In television and film, vignettes often come in the form of a flashback. They're vivid flashes of memories that emphasize or illuminate the character's emotions.
The first vignette below is important because the main character, Special Agent Gibbs from NCIS, is in a coma similar to the one he faced nearly 20 years ago. Each time he was comatose, his subconscious was ravaged by heart-wrenching flashbacks to the wife and daughter he lost in a terrible act of violence.
In the episode titled Hiatus: Part 1, Gibbs flashes to a time when he was injured in the service of his country. As soon as he recovered, he hobbled on crutches to look at his wife's totaled car. It's drenched in her blood, as well as his daughter's. After staring into the car, Gibbs goes into Special Agent Mike Franks' office and reviews the evidence against the man who killed them. Later in the flashback, Gibbs contemplates suicide; we see him sitting there with a gun to his head.
Orange Is the New Black quickly became a cult classic. It details the story of several women facing various prison sentences. One of the inmates is a woman named Suzanne who exhibits erratic behavior and has wide, rather noticeable eyes. As such, the other inmates gave her the cruel nickname of "Crazy Eyes."
In the episode titled Hugs Can Be Deceiving, we walk through Suzanne's flashback of a sleepover party. In it, we learn she's always been a bit of a wild card. People always considered her to be eccentric and unrelatable. Indeed, her status as an outcast continues in prison, hence the not-so-nice nickname.
Woody Allen's film Midnight in Paris is an array of picturesque vignettes. The main character, Gil, travels back in time from 2010 to 1920s Paris. This provides opportunity after opportunity for steal-your-breath scenes, many of which fall into the vignette category.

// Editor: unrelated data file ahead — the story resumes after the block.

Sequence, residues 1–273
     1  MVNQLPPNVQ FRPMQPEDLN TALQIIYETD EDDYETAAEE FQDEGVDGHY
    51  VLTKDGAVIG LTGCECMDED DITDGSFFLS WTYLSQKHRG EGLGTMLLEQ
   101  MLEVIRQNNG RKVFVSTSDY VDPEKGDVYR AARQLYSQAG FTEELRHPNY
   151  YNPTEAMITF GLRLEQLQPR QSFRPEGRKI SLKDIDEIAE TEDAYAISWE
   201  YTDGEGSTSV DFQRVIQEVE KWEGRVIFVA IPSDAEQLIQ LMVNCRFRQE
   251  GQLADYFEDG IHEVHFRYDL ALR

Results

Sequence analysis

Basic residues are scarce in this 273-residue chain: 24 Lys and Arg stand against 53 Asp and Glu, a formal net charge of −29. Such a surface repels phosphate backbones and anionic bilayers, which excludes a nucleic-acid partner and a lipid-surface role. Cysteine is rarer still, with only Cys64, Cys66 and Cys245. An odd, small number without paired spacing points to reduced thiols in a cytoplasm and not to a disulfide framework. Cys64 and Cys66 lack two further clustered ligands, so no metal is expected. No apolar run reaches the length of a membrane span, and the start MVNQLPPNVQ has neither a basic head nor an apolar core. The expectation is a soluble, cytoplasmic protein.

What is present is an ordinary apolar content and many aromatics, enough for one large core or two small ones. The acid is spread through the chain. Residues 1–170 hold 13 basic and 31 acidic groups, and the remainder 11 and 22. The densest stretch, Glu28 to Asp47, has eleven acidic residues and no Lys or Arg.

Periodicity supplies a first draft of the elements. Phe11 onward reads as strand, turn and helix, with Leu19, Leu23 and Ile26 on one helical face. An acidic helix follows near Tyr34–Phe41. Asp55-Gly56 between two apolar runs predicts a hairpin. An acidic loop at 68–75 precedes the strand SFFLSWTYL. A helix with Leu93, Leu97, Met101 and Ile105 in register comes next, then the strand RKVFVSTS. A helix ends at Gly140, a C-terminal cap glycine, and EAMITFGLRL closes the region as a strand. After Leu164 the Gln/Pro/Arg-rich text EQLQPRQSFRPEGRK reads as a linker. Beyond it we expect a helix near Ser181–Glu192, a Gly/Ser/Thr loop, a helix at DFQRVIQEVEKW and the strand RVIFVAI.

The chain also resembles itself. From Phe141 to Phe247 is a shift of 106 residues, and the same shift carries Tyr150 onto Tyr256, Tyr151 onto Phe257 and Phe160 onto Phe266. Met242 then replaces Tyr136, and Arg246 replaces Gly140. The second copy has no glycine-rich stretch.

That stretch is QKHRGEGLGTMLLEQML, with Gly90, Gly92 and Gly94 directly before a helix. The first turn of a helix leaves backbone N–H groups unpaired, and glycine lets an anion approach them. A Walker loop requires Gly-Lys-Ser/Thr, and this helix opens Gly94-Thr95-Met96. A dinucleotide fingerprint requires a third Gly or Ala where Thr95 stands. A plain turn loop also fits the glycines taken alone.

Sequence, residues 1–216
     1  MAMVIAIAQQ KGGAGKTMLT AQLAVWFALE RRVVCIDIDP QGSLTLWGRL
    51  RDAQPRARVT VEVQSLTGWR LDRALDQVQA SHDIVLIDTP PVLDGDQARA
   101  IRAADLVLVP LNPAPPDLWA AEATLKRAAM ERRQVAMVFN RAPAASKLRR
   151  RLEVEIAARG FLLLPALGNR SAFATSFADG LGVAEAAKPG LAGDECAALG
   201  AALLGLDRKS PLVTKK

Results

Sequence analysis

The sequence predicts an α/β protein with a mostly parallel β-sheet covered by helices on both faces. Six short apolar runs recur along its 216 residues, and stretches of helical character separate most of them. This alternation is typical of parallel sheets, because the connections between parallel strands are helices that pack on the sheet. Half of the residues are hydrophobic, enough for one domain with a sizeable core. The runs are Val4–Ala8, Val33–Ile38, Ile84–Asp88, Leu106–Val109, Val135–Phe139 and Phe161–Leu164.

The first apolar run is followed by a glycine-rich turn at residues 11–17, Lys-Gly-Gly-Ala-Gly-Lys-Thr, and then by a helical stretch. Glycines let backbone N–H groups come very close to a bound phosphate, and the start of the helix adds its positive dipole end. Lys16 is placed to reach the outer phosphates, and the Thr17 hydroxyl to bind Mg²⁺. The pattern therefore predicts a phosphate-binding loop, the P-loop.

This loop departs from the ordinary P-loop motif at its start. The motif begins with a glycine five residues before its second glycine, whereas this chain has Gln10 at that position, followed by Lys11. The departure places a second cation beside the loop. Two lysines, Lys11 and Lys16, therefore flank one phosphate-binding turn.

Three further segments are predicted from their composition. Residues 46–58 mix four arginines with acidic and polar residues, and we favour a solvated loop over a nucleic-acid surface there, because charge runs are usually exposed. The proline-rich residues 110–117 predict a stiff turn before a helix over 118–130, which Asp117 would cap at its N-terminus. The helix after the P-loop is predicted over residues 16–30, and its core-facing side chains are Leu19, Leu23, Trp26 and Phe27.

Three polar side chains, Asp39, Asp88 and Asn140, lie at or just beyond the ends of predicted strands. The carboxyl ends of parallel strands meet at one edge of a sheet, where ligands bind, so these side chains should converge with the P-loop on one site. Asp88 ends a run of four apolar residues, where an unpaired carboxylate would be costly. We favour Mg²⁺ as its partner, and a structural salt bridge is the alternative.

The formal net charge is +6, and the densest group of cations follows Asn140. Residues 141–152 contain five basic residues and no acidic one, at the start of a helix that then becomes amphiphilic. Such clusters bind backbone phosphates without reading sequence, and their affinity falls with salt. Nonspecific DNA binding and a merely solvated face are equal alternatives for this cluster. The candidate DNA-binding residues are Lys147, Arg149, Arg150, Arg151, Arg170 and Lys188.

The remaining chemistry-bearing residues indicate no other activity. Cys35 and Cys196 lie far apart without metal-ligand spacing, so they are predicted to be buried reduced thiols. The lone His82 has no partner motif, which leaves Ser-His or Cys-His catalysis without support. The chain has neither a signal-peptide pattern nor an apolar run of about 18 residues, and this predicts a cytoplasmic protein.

While in Paris, Gil falls in love with the beautiful Adriana. One night, as they stroll through Paris under a blanket of stars, they're transported even further back in time to the Belle Epoque. This was a famous period in Paris, at the turn of the 20th century, when renowned artists created waves of masterpieces.
While at the Moulin Rouge, Gil and Adriana bump into Henri de Toulouse-Lautrec, Paul Gaugin, and Edgar Degas. Adriana is so enamored, she pulls Gil aside and tells him she's going to stay there forever. They have a heated exchange where he tries to convince her to stay in the 1920s but, in the end, Gil ends up going home alone.
In 2006, The Office introduced ten stand-alone webisodes on NBC.com. It took two days to film them and they were called The Accountants. These webisodes served as "mini" episodes between seasons of the main show.
The first webisode, titled The Books Don't Balance, focuses on three members of the accounting department. The webisode opens up with these three characters informing their boss that $3,000 is gone and it is not an accounting error.
The webisode cuts from the conference room table to short interviews with each individual member, two of whom are pointing the finger at one another. From there, the three go on to interview various members of the office to figure out where it went.
They say literature and film are forms of escapism. We can check out of our own lives for a time and walk in someone else's shoes. While the entire story is meant to paint a picture or convey a theme, smaller scenes and colorful vignettes can stop time. For more on how to shape the mood of a scene, enjoy these examples of mood in literature.